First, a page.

Millet was not the only realist of his time, and there were others who were much more political. One of these was Honore Daumier (1808-1879). Daumier started his career as a caricaturist, so his work had a natural political bent. Over his lifetime, he produced more than 4,000 satirical lithographs, which are similar to the editorial cartoons of our day. Many of the images are witty, even to our modern sensibility. His works targeted a broad swath of the population, including greedy politicians. For example, one image depicts a petit-bourgeois man seeking access to an expensive restaurant. Another shows a bourgeois woman whose skirt is so broad that it knocks her escort over.

Daumier’s favorite subject in the 1830s was Louis-Philippe, the king of France. Louis-Philippe was a constitutional monarch who ascended to the throne following the July Revolution of 1830, which was led by the bourgeoisie. Although he came to the throne shouldering the high expectations of the people, he failed to resolve the mounting conflicts between the bourgeoisie and the working class, and between conservatives and progressives - a situation that was exacerbated by France’s poor economic conditions. Wages declined amid the economic slump and members of the working class continued to protest, demanding higher wages and voting rights. And the more the people protested, the more conservative the king became.

It is said that Louis-Philippe took many of these satirical images of him in stride in his early days on the throne. He even created liberal policies on the press, as he himself had come to power through a revolution. But there was one image that even he couldn’t stomach.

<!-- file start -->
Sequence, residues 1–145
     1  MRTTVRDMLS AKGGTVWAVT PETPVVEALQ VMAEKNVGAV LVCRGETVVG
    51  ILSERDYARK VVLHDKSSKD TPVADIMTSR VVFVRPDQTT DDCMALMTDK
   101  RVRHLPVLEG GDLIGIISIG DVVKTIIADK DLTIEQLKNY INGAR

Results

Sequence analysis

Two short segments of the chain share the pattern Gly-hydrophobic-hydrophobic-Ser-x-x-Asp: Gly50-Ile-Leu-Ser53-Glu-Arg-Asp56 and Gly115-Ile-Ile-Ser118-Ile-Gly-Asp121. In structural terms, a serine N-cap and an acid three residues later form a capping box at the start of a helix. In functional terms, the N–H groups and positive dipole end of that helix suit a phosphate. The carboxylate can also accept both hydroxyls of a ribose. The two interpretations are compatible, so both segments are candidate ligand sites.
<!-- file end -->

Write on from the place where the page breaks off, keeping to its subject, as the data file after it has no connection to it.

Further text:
In a satirical lithograph from 1832, Daumier depicted Louis-Philippe as Gargantua, a giant king in a classic novel who fills his stomach with food squeezed out from the petit-bourgeoisie and the working class.

The joke was lost on the king, who may possibly have worried that the painting was poking fun at his weight, and Daumier was imprisoned for six months.

Undaunted, Daumier continued to paint after his release.

Whether it was poetic justice or coincidence, Louis-Philippe was later ousted in a revolution in February 1848 and he fled to Britain.

This resulted in France giving the entire population, even the working class, the right to vote. (But it took another 100 years for “universal” suffrage to apply to women.)


‘Gargantua,’ a caricature of the French monarch Louis-Philippe, by Honore Daumier. Lithograph

Of course, Daumier rejoiced at the revolution. His painting commemorating the event, entitled “Uprising,” was painted around 1860 and puts the working class squarely at the center of the revolution.

That is in stark contrast to “Liberty Leading the People,” by the French Romantic artist Eugene Delacroix, which depicts the July Revolution of 1830. In that painting, the center of attention is a young man from the bourgeoisie.

In Daumier’s Uprising, the man in the white shirt lifting his fist does not look violent or belligerent. Rather, he seems desperate in his appeal for a solution to the hardships that he and his comrades have suffered. This shows the artist’s deep affection for the people of the working class.

Many artists, writers and intellectuals of the time became concerned about the working class - especially as knowledge of their role in the nation’s economy increased, even as the conditions in which they worked deteriorated.

I will write about the economists who discussed labor conditions and socialism and other artists who faithfully depicted the lives of people from the working class in my next article.

by Moon So-young [symoon@joongang.co.kr]